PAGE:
Tuesday, March 22, 2011

Victor Davis Hanson: The Fragility of Complex Societies

Again, Victor Davis Hanson gives crucial perspective. A few snippets from The Fragility of Complex Societies:
"The hydraulic dynasties of the Near East and the pharaohs’ Egypt, despite their centuries of existence, were likewise vulnerable in a way that both Ptolemaic and Roman Egypt was not. Less than 3,000 hidalgos under Cort├ęs decapitated the Aztec Empire in less than three years. In our time, we have seen, with the implosion of the Soviet system, the wages of central planning and a redistributive economy."
. . .
"While a disaster comparable to Tokyo is certainly possible here in California, Americans are by nature less prone to rely on centrally provided resources, and are still uneasy with high urban densities. We forget that the suburbanite — ranch house, three cars in the garage, and distance from the urban center — is not just an energy waster in comparison with his Euro apartment-dwelling, single Smart-car-driving, train-commuting counterpart, but a far more independent-minded, free, and self-reliant citizen as well."
. . .
"We need these cranky independent people, if only as a minority to remind the rest of us who are plugged into huge conglomerations, both private and public, for our wages and sustenance that there are dangers with reliance on hierarchy, centralized government, and high density — which, well beyond fragility, inevitably results in groupthink, fad, and cultural uniformity.

"So it is not mindless to resist high speed rail (here in California it would be far wiser and cheaper first to ensure a three-lane, safe north-south freeway 99 or I-5). Our larger corporate farms, given the lack of ground water on the West Side, are dependent on centralized federal water projects, which, when abruptly cut off, can end production altogether — quite a contrast to the eastern side of California where smaller farmers, a shallower water table, and ancestral, local, and gravity-fed, Sierra-sourced water districts, funded by farmers themselves, are more resilient."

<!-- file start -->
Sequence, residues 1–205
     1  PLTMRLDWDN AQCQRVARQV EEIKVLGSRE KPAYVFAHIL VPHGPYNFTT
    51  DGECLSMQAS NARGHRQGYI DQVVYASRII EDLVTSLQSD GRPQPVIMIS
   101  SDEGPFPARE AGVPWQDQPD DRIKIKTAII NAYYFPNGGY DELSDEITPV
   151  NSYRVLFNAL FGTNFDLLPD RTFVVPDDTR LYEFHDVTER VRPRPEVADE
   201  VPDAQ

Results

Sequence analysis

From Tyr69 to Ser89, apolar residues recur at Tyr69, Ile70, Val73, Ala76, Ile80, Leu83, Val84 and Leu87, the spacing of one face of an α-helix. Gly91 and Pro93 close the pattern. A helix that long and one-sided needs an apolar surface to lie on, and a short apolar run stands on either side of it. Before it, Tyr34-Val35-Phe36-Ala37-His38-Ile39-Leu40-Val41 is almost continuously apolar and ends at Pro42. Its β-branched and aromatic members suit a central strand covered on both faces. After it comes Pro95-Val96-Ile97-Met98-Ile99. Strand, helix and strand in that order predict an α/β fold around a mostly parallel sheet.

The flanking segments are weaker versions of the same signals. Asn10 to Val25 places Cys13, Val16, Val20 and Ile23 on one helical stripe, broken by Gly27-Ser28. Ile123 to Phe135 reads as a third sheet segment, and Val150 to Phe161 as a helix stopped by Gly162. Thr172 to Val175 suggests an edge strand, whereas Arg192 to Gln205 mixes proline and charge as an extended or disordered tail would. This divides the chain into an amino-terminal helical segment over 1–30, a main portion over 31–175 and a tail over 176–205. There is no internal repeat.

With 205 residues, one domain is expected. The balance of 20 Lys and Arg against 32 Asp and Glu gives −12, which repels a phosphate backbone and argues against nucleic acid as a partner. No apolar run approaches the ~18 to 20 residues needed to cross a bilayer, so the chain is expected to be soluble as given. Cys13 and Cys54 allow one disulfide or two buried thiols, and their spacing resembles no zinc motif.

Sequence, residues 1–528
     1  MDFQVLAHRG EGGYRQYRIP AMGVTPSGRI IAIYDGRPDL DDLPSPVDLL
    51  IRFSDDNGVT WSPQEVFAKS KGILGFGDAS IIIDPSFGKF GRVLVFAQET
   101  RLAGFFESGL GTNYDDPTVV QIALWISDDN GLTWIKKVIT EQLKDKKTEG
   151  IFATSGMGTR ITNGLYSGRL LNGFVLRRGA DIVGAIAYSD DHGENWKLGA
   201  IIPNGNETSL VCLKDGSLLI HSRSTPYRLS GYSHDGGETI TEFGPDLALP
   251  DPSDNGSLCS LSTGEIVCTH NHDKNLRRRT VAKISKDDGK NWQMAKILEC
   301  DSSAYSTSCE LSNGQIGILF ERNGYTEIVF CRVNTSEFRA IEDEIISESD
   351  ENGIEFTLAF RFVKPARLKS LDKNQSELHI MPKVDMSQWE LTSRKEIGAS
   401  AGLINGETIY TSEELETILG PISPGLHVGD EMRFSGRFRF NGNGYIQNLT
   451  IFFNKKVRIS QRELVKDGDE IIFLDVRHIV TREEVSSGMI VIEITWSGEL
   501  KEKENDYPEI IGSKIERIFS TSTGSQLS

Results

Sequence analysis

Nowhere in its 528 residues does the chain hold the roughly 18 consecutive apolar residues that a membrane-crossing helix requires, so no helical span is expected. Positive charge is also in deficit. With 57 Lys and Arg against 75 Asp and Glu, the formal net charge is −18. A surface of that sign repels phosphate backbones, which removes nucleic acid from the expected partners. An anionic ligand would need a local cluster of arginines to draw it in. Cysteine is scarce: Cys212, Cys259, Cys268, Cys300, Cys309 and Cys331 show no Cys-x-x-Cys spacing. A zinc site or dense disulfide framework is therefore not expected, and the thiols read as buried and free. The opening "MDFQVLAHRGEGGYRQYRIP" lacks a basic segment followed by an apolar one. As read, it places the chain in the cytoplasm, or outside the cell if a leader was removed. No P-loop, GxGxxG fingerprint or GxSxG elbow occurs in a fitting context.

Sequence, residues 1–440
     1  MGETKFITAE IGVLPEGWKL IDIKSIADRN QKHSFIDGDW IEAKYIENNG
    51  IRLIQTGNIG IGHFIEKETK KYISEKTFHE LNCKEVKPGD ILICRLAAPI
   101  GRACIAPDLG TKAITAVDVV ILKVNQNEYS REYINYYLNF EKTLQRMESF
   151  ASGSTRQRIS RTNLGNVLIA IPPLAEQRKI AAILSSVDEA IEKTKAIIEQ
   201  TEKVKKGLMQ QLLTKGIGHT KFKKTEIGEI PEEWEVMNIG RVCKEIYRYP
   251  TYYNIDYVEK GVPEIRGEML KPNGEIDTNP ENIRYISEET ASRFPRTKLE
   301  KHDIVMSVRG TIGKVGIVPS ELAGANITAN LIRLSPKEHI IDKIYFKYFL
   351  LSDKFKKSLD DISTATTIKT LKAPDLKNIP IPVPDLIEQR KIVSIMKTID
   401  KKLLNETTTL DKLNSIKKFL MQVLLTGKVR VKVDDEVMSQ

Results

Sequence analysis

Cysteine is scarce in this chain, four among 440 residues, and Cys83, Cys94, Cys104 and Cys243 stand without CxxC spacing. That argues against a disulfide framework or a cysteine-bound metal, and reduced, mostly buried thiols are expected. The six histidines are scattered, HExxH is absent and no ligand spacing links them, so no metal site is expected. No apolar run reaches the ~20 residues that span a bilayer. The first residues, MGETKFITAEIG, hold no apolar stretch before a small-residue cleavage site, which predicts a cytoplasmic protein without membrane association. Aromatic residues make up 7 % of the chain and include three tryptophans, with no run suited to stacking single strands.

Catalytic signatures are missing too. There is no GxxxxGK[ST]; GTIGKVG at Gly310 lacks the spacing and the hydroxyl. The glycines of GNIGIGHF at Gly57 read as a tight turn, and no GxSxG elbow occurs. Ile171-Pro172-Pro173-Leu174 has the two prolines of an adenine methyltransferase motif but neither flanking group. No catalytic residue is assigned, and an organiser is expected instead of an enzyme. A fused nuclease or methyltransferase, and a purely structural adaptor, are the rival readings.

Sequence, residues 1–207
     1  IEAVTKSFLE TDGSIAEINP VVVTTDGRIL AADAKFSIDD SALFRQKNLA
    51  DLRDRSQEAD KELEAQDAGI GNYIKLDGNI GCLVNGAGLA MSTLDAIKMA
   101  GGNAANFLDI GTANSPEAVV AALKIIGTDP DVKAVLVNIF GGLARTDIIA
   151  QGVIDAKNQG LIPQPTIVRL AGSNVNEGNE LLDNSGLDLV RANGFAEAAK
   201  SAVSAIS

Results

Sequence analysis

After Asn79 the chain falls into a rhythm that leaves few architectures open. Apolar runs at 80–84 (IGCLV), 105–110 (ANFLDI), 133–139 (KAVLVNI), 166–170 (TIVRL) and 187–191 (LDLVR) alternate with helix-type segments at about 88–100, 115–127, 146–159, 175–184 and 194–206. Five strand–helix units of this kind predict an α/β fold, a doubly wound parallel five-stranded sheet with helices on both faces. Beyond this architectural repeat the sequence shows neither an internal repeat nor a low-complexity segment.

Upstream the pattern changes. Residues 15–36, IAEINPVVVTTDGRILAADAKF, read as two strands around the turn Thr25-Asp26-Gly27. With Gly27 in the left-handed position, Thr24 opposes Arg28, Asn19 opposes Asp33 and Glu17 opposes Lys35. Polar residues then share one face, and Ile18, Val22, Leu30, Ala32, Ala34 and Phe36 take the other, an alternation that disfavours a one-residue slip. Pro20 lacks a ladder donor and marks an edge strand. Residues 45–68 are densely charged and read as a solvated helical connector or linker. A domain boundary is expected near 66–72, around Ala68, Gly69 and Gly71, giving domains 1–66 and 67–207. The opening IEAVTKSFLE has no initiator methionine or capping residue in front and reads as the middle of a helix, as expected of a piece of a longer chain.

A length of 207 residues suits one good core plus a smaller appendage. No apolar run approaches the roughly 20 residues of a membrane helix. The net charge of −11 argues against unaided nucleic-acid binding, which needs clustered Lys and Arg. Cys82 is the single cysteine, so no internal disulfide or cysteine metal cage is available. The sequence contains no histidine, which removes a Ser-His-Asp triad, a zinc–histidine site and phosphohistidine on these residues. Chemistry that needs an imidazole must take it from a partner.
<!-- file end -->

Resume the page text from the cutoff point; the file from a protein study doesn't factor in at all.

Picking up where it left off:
. . .
"I could go on, but all this suggests another danger of complexity — the inability to transmit knowledge and the dire wages of specialization. The original architects of such systems are now mostly dead, and we, their replacements, often lack their education and respect for civilization’s protocols. The result is that millions of Americans are simply enjoying a system built for them by others which they are not quite able to use, repair, expand — or understand."
. . .
"Are we becoming like Dark Age Greeks (1100-800 BC) who wandered amid the ruins of the Mycenaean palaces, curious how such “hemi-gods” and “Olympians” were able to build things like the Lion Gate and the tholoi tombs, so far beyond their own competence that they deemed them the work of all-powerful mythological gods? Or maybe we will become 8th-century AD Greeks and Romans who looted the marble from their predecessors’ temples and majestic gravestones to scavenge the lead seals and the iron clamps or to melt down the stones for lime — or simply to seek shelter in abandoned shrines and temples.

"The apocalyptic movies have it wrong: we do not need a nuclear holocaust, earthquake, or asteroid to put us back to The Road. We can get there easily with rising ignorance and illiteracy as we drift among an infrastructure we demand, but do not understand or appreciate: Not with a bang, but with a whimper."

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